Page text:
Development and Prospects of the Global and China Cultivated Meat Industry
Amidst a global food crisis, Josh Tetrick, David Welch, Caio Malufe, and other agri-food industry thought leaders joined policymakers from China’s Ministry of Agriculture and Rural Affairs online to discuss food security and the prospects of cultivated meat in China and around the world.
Protein innovation is taking the world by storm as the newest form of food production – one that is secure and sustainable. Yet in China, cultivated meat is still nascent and the commercial ecosystem gradually emerging. Providing the industry with better infrastructure and expertise at this critical stage will accelerate its development and bring China and global food supply chains closer to net zero.
To this end, Agfood Future Center of Excellence, along with policymakers from the Ministry of Agriculture and Rural Affairs (MARA), hosted this discussion on protein innovation: the commercialization, development, opportunities, and challenges of cultivated meat from an international perspective. The event boasted an impressive lineup including Deputy Director of China’s Institute of Food and Nutrition Development under MARA, Wang Xiaohong, Chairman of Agfood Future Center of Excellence, Ryan Xue, Vice Chair Jennifer Lee, Bill Westman, former Senior VP of the North American Meat Association, Alternative Protein Strategy and Business Development Global Lead for Cargill, Jane Lee, Josh Tetrick, Co-Founder and CEO of Eat Just, Steve Lin, Managing Partner of C2 Capital Partners, Caio Malufe, Head of Strategy at Orbillion Bio, Co-Founder of Dao Foods, Tao Zhang and David Welch, Chief Scientific Officer and Co-Founder at Synthesis Capital. Also joining were representatives from several prestigious research institutions and nearly 100 attendees who tuned in.
As co-founder and CEO of Eat Just, the world’s first cultivated meat company approved for sale, Josh Tetrick said, “People used to talk about cultivated meat as something out of science fiction, but now it’s commercialized and sold in Singapore. Cultivated meat uses 80% less land and water than traditional meat farming, reducing emissions. [Regarding price], the three drivers of cost reduction are large-scale vessels, media cost, and cell density. China has an important role in leading the industry in building infrastructure and regulation, and I hope to be a part of this process.”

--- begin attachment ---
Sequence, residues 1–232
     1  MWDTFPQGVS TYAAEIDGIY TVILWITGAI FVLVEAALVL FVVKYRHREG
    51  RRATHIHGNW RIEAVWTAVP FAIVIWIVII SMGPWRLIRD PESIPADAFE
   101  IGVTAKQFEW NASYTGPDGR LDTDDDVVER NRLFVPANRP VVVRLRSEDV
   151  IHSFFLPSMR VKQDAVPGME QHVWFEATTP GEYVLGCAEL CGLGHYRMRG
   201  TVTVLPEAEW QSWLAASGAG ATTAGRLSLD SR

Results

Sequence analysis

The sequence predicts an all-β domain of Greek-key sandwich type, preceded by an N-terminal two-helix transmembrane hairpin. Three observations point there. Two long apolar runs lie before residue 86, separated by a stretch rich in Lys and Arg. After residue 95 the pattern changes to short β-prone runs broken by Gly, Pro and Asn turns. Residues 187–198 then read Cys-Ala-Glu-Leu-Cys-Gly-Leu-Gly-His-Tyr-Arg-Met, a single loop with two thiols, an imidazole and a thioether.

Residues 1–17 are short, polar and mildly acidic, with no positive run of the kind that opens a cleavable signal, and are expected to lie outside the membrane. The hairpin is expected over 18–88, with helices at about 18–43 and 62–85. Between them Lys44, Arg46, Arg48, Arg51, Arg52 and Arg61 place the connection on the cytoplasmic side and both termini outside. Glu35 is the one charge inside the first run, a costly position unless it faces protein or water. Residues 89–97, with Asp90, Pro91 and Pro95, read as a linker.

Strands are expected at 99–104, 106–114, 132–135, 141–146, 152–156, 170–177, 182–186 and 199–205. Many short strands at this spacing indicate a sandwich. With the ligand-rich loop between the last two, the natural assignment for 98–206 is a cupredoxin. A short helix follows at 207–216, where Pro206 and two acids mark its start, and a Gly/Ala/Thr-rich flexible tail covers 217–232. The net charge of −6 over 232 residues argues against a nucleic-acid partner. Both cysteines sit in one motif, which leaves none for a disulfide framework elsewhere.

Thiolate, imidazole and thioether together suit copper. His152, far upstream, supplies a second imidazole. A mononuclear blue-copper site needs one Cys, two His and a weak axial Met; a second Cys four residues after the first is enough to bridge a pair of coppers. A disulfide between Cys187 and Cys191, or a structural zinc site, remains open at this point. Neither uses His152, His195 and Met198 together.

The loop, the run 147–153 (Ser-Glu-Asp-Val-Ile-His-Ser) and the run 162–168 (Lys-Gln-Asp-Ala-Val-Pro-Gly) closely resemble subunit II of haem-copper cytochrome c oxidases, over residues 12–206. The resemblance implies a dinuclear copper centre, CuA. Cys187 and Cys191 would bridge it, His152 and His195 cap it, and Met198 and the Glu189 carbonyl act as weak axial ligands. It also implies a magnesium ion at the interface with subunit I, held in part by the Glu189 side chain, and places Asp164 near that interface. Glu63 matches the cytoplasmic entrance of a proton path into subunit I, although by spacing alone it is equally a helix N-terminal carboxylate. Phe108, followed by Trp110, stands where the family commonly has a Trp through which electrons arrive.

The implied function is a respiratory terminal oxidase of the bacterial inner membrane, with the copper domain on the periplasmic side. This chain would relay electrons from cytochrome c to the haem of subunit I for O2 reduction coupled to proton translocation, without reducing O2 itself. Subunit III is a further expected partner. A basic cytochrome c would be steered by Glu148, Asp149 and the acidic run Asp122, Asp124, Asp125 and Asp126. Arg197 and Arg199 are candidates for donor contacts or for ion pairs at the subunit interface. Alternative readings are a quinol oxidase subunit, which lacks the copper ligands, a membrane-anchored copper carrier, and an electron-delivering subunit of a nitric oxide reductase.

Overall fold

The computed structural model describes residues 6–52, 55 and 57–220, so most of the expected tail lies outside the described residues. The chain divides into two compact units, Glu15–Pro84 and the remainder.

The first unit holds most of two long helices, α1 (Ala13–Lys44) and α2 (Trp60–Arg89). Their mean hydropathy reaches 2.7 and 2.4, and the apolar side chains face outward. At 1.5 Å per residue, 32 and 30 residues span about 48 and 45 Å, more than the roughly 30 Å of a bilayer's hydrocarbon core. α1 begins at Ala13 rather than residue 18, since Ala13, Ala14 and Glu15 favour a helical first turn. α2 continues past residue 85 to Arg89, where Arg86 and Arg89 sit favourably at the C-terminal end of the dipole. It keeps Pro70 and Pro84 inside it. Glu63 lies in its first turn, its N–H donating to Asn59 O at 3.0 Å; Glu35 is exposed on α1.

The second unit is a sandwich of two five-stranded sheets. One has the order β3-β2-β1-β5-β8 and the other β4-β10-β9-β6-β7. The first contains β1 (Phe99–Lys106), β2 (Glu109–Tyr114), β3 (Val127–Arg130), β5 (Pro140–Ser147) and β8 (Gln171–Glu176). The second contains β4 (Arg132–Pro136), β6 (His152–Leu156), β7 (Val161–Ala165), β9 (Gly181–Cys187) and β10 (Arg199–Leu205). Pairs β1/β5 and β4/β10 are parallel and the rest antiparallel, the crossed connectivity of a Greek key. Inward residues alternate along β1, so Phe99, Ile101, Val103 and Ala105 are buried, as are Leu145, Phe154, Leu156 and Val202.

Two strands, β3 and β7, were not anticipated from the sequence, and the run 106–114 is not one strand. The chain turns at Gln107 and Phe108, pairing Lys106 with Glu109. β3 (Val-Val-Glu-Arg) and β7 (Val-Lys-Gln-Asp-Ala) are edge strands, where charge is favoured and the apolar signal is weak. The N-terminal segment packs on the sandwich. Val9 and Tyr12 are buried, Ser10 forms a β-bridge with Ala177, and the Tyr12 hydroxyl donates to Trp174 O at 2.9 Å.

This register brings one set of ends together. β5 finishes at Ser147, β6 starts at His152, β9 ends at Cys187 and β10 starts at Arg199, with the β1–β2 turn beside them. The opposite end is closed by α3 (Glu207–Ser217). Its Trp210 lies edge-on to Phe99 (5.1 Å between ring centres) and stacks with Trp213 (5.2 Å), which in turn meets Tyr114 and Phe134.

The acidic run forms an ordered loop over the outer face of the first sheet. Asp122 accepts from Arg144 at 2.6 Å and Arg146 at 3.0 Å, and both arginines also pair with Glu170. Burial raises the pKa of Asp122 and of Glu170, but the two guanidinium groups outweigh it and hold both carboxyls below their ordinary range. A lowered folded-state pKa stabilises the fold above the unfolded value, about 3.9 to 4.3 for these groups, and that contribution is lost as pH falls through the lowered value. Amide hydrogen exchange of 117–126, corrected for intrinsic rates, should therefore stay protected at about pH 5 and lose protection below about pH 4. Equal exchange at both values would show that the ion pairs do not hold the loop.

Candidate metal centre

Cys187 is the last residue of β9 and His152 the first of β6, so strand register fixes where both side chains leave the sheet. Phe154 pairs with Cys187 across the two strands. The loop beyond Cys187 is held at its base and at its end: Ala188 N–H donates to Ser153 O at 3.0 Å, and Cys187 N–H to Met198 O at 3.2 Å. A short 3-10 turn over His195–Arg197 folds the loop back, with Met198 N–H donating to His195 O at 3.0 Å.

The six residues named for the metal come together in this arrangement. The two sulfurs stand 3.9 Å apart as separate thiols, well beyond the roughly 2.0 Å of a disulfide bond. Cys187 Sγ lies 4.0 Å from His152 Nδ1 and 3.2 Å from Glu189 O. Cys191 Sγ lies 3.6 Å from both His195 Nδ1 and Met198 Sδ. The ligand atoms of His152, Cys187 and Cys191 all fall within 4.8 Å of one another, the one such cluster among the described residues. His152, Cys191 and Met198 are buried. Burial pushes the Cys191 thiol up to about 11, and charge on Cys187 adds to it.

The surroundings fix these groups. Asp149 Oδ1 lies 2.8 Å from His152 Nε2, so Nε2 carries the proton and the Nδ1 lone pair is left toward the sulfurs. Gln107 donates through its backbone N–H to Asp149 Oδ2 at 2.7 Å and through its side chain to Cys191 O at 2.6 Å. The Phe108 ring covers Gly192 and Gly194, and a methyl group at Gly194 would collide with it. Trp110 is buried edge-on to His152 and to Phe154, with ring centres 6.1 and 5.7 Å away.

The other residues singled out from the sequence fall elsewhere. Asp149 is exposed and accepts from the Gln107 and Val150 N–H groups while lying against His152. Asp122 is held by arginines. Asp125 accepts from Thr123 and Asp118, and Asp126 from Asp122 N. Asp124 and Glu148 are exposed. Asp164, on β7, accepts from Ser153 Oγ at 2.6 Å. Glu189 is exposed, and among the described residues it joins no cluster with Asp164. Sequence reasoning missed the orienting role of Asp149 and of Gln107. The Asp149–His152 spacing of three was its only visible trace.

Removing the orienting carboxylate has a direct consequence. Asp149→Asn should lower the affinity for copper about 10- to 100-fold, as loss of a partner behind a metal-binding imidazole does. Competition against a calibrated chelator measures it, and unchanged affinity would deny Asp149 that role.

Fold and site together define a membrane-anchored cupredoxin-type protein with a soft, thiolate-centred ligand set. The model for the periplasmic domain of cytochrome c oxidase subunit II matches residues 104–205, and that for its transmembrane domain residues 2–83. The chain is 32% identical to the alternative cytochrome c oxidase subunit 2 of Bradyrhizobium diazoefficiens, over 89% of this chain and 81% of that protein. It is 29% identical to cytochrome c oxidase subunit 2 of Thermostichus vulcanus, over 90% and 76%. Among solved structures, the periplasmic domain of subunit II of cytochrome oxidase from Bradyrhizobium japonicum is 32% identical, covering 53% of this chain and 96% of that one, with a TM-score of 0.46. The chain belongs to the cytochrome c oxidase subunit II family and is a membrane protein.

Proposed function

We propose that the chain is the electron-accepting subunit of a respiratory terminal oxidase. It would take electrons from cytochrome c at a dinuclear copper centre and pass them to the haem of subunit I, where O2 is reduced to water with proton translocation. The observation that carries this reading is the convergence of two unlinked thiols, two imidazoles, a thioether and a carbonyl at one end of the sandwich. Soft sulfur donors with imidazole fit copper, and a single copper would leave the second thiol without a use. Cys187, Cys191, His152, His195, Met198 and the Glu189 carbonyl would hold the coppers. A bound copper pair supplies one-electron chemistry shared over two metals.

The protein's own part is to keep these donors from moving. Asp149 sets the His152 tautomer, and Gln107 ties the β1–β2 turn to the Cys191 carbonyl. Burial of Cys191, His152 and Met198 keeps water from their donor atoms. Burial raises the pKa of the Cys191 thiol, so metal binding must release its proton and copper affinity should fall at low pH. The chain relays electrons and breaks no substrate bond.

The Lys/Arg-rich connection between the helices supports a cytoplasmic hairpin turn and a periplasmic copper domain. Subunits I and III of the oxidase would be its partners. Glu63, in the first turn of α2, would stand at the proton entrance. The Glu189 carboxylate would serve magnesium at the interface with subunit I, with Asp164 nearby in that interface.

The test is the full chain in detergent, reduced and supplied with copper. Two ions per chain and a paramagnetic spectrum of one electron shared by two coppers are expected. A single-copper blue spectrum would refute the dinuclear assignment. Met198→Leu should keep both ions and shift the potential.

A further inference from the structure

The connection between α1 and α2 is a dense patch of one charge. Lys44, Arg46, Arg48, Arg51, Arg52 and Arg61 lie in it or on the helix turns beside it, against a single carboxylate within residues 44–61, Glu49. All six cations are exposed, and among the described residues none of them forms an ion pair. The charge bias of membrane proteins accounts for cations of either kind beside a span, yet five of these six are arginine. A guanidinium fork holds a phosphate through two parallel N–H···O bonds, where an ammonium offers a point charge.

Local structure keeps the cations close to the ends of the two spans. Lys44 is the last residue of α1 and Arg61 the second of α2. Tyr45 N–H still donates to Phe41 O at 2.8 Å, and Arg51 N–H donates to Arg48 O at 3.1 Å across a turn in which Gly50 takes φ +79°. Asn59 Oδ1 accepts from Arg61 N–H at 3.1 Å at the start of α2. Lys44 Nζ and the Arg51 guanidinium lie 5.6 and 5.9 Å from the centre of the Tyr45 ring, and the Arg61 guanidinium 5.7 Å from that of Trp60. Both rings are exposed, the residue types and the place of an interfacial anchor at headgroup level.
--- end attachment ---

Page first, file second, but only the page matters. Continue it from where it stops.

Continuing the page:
Deputy Director Wang Xiaohong agreed that “The localization of cultivated meat is itself a way of carbon reduction,” pointing out that China is ideal for innovation since “Chinese people are highly receptive to new things.” Steve Lin of C2 Capital Partners, a key investment partner of Eat Just, echoed this sentiment. He added, “China is the world’s second-largest protein consumer with strong demand. By the first half of 2020, the year-on-year increase [of online purchases of plant-based meat] was more than 150%. In the future, the younger generation in China will have increasingly open attitudes towards alternative proteins.” From his overview of protein innovation trends, David Welch also stated China’s opportunity to be a major player moving forward, especially in terms of product categories and flavors for cultivated meat.
In their closing remarks, both Agfood Future Center of Excellence Chairman Ryan Xue and Vice Chair Jennifer Lee spoke on the industry’s role in food security. “Agriculture has many more implications than just climate; it affects feeding the world and a circular economy,” Lee said. “As far as China is concerned,” Xue explained, “the agricultural food sector has an extremely significant impact on the national economy and social stability. Providing a safe, secure, nutritious food supply, especially of high-quality protein, is a task facing all companies, governments, and institutions focused on sustainable development. Agfood Future is working for solutions through integrating projects, technologies, markets, and policies surrounding protein innovation. Our goal? The sustainable transformation of the food system, a fast-track to net zero.”
A platform for international collaboration, Agfood Future is a nonprofit that connects 400+ of the world’s leading organizations around the common goal of agri-food sustainability for food system transformation in China and throughout global supply chains.
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SOURCE: Agfood Future Center of Excellence